The wealth of knowledge afforded to MCCC by professor Terry Telfer will be lost at the end of the semester.
“What I’ve always liked about Dr. Telfer is that he’s a real intellectual,” says dean of humanities Paul Hedeen.
“And he has a real intellectual’s approach to things. Moreover, he’s an active intellectual. Which is to say that he sees that ideas have an important part in the process of social change.”
Telfer’s colleagues and students have all benefited from his knowledge.
“Terry’s been wonderful since I started at the college,” says professor of History Edmund LaClair.
“He’s always friendly, coming down to the office. He’s deeply interested in history – it was actually one of the fields he wanted to be in. His passion there has always been 19th Century American history and literature. We often talk about Herman Melville and ‘Bartleby, the Scrivener.’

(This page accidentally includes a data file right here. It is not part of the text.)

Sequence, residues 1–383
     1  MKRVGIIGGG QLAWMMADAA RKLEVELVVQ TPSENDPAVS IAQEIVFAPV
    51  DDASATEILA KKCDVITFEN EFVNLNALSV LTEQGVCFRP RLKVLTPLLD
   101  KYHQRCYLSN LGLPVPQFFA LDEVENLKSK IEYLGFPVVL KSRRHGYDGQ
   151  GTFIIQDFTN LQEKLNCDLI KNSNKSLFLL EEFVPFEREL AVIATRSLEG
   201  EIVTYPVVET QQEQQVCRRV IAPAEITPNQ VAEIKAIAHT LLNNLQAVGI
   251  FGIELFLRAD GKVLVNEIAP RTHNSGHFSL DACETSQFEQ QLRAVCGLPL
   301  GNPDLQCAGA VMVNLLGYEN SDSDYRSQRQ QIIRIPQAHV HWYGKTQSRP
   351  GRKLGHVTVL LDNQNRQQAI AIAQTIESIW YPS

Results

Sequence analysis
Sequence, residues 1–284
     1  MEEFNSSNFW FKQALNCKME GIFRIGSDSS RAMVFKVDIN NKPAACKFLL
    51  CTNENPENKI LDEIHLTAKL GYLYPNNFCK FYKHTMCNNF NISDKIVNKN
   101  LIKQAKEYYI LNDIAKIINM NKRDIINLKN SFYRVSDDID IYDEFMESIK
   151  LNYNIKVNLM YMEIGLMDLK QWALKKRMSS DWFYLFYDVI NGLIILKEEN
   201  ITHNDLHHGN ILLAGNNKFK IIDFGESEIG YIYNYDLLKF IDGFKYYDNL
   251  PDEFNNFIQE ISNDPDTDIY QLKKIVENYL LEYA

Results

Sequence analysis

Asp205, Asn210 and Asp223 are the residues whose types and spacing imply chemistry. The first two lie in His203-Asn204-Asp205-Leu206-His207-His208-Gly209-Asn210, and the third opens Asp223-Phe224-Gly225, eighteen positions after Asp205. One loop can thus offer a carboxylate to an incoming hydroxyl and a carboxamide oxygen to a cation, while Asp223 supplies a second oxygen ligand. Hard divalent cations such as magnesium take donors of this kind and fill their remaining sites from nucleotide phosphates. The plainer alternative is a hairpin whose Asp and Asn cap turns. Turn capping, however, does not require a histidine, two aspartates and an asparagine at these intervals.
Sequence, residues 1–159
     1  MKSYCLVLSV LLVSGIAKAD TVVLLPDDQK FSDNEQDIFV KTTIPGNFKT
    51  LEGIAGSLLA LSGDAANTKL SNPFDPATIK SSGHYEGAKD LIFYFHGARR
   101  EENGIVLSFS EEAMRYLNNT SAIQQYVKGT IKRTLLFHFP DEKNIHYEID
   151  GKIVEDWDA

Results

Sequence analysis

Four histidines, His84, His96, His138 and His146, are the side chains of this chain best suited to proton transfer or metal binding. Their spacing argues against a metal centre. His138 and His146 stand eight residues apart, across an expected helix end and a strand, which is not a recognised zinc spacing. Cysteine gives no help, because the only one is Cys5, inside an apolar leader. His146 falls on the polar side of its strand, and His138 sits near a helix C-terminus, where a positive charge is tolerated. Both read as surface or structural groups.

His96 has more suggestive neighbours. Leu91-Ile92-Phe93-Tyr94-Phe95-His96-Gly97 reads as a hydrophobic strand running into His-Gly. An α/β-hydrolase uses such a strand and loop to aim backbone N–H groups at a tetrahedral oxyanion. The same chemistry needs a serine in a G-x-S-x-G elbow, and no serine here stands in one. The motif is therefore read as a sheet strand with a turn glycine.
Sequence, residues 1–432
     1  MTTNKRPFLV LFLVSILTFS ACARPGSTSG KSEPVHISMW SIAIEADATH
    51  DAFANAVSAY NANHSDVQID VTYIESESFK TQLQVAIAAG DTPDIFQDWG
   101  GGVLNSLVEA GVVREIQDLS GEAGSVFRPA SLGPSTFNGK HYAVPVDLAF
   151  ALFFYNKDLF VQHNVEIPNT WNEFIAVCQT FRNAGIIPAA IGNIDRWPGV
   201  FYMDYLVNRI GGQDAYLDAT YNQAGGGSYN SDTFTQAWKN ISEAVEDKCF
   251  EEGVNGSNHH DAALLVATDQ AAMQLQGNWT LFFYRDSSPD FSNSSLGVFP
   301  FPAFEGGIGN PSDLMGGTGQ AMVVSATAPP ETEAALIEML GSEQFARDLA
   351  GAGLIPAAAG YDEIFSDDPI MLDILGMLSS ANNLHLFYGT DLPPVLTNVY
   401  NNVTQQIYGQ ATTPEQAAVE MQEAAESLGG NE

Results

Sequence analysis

“He’s a brilliant enough man to have taught at a four-year research university, but he grew up as a working-class kid. He worked in factories before going back to college. He’s brought his love of learning here, and we’re lucky to have that.”
Fellow professor of English Carrie Nartker is perhaps unique among Telfer’s peers in that she was previously his student.
“Terry’s Creative Writing class was the first time I felt like I was being taken seriously as a writer,” she says in an e-mail. “When we read our poems aloud, he would sit back, close his eyes, and listen. When we were finished, he would have thoughtful feedback that made us feel as though he was genuinely interested in us and our work.
“College politics, movies, gender, Emily Dickinson… whatever the topic, I can always count on Terry for a conversation that includes insight, as well as respect for my ideas.”
Students Andrew Berns and Phyllis Alexius in Telfer’s 11 a.m. English Composition II class are very candid about how much they enjoy the professor.
“He’s my favorite teacher so far,” Berns says. “He’s really easy to talk to and he gives great feedback.”